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From Health Law Daily, February 13, 2015

Kickbacks between doctor and owner of device distributor not excused due to their engagement

By Harold M. Bishop, J.D.

A joint motion, brought by two individuals and the two limited liability companies they formed, to dismiss a government’s intervening complaint in a qui tam action brought under the False Claims Act (FCA), based on the submission of Medicare and Medicaid claims made in violation of the Anti-Kickback Statute, was denied by the district court. The court found that the government’s allegations that CMS mistakenly paid claims under the belief that the defendants were in compliance with the law, and that “but for” this mistaken belief they would have denied the claims, were sufficient to survive a motion to dismiss. The court also rejected an argument that the alleged inducement and remuneration between the two of the defendants was merely because they were engaged. The court further dismissed an argument that even if the purchase of certain implanted devices were a result of kickbacks, the professional fees of the surgeon were not (U.S. ex rel. Cairns v. D.S. Medical LLC, February 11, 2015, Fleissig, A.).

Background. The United States intervened in a qui tam action alleging that Midwest Neurosurgeons LLS (MWN) and its owner, Dr. Sonjay Fonn (Dr. Fonn), and D.S. Medical LLC (DSM) and its owner, Deborah Seeger (Seeger), violated the False Claims Act (FCA), 31 U.S.C. § 3729-33, by submitting to Medicare and Medicaid claims for payment that were false because they violated the federal criminal Anti-Kickback Statute (AKS), 42 U.S.C. § 1320a-7b(b).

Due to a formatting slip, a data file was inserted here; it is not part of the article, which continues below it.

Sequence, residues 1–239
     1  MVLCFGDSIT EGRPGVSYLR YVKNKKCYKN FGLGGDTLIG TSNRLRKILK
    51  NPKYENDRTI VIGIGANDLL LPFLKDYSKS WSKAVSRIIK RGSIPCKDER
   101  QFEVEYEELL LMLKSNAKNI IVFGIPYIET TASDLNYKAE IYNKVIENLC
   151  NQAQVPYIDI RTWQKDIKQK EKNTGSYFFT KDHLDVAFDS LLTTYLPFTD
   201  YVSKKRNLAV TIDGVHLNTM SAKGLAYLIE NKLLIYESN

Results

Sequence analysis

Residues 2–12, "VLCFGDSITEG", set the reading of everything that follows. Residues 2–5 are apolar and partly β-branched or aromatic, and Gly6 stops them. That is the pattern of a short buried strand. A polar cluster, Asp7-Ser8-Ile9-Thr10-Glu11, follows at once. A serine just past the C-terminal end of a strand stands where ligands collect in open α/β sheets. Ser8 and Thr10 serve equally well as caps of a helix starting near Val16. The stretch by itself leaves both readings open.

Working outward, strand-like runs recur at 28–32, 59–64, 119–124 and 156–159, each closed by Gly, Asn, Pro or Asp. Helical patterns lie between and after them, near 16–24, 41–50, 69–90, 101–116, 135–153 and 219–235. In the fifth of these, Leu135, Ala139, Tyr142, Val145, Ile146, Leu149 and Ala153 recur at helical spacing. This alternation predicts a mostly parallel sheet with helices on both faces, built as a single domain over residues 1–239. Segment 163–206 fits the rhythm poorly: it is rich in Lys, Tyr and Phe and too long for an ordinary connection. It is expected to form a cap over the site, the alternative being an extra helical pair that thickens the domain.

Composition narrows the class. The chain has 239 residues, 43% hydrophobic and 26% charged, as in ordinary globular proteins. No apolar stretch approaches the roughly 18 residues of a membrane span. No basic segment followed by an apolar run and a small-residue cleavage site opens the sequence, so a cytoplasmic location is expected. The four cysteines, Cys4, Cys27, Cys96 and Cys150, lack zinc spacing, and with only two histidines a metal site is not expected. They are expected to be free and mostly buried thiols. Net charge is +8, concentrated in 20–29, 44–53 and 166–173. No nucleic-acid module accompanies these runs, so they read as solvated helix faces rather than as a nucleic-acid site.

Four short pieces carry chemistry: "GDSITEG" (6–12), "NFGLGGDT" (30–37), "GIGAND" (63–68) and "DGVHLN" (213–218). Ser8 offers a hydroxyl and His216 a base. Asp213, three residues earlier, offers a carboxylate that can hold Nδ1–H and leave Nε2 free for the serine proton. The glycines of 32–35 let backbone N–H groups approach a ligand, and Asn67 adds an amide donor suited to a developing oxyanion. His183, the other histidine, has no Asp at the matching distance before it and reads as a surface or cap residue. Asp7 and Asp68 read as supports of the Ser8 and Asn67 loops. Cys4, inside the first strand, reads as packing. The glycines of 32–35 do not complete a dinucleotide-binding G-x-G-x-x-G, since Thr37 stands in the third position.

The intervening complaint alleged that Seeger is Dr. Fonn’s fiancée and that the couple incorporated DSM to serve as the distributor of medical devices and supplies to Dr. Fonn and his neurosurgery practice, MWN. Through DSM, Seeger allegedly demanded and was paid exorbitant commissions by medical device manufacturers for spinal implant devices and supplies purchased by the hospital where Dr. Fonn performed spinal fusion surgeries. The hospital’s purchases were based on Dr. Fonn’s decision to use those devices and supplies during operations he performed.

According to the complaint, once DSM started operations, Dr. Fonn altered the way he practiced medicine, generally using more spinal implants and performing more surgeries than he typically performed. For example, in December 2008, the first full month of operation of DSM, Dr. Fonn allegedly ordered approximately $1,330,090 worth of spinal implants for his surgeries, more than twice as much as his nearest medical peer in the local health care market. The commissions paid to DSM and Seeger by the manufacturers were allegedly used to purchase a house where Dr. Fonn and Seeger resided, a boat, an airplane and various home improvements, which they shared.

Motion to strike. The defendants, personally offended by the tone of the government’s allegations, initially moved to strike portions of the government’s intervening complaint as redundant, immaterial, impertinent, and scandalous. The court, however, concluded that none of the challenged portions of the complaint were sufficiently improper to necessitate striking (see Nothing scandalous here, government’s qui tam allegations will stand, January 22, 2015).